Ebola health workers have been the victims of mob attacks across Guinea caused by false rumours spread by opposition politicians , international NGOs exclusively claimed to IBTimes UK.
The latest of these rumours - that the Red Cross was intentionally spraying schoolchildren with the virus - spread chaos in the capital Conakry and the region of Faranah last week, resulting in violent attacks against the organisation workers.
On 19 February, the Prefect of Faranah, Kennett Guilavogui, announced seven people had been arrested for the dissemination of rumours and false or misleading news.
While the identities of the suspects are still unknown, Guilavogui said that they would soon go on trial. The Prefect added more arrests would follow.
"One can not accept that individuals may inform parents that schools are about to administer the virus to their children, " she said in a statement.
Local Journalist, Macky Sow told IBTimes UK: "It is very difficult to prove these rumours are spread for political reasons, but there are many people who claim politicians are behind these rumours."
These attacks have hampered the health team's efforts to combat the spread of the virus, which the political opposition is blaming on the government ahead of upcoming elections, Youssouf Traoré, president for the Red Cross Society of Guinea, told IBTimes UK from Conakry.
"It must be understood that this year is an electoral year: the opposition never wants the happiness of the population, especially in Africa. We must think about all kind of things. Why are we not at the end of Ebola? Every time it seems Ebola is retreating, it comes back," Traoré said.
The country will be returning to the polls later this year, just five years after its first free elections.
The current President and leader of the socialist Rally of the Guinean People (RPG), Alpha Condé, will face Cellou Dalein Diallo, opposition leader for the liberal Union of Democratic Forces of Guinea (UFDG).
The opposition has denied the claims in a comment to IBTimes UK.
"These accusations are far from the truth. The opposition in general, and the UFDG particularly have never and will never take part in such actions against health workers," a spokesperson for the party said.
Meanwhile, the UFDG claims President Alpha Condé "was the first one to deny the danger of Ebola and he publicly accused international health organizations of taking part [in] a fear mongering campaign".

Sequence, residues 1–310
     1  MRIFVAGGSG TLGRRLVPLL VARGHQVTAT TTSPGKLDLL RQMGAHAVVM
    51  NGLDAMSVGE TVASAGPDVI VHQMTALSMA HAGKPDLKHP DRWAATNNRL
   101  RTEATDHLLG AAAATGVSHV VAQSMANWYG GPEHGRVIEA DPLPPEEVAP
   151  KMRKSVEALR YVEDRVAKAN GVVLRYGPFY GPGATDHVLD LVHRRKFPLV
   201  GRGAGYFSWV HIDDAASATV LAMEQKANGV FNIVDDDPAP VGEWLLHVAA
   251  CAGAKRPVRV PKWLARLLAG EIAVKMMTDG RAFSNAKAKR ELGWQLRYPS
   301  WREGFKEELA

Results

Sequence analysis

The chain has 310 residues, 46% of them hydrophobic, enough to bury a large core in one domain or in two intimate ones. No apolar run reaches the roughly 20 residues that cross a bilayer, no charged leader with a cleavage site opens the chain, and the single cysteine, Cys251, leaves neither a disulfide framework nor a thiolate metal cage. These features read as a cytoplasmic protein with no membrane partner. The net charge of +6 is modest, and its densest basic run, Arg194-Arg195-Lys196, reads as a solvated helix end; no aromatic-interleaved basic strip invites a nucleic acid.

"The truth is, the government have failed controlling the disease and the mistrust of the population is from the mismanagement of this disease by our administration".
Guinea is facing a power struggle between opposition and the existing political power, with regular demonstrations for both sides taking place around the country.
On 17 January, Diallo - who stood for the party in the 2010 presidential election topping the poll in the first round - called his supporters for "civil disobedience" and continuing street protests against the current government, adding he saw no policy of appeasement coming from the Presidential ranks ahead of votes planned this year.
During a visit to Washington, Diallo, an economist and former prime minister from 2004 to 2006, claimed mismanagement of Guinea's response to the Ebola epidemic will hurt the nation's economy by hindering future investment.
Several US companies are active in the mining and aluminium ore production sectors, which provide about 80% of Guinea's foreign exchange, alongside diamonds and gold.
The nation's ambassador to the US, Mamady Condé, dismissed Diallo's comments as election-year rhetoric.
"We really hope all political leaders in our country and around the world be in solidarity in the fight against Ebola," the ambassador told Bloomberg recently. "We do not think this is a moment for any argument around the way this epidemic has been handled."
"Here we have people of bad character who don't want us to get over with this epidemic, who don't want us to control it," Traoré said.
"We've had the epidemic for a year, and now that it is getting under control, dishonest people are lying to the population, telling them that the Red Cross is engaged in a campaign of pulverisation of the schools," he said, referring to the latest hearsay in the country.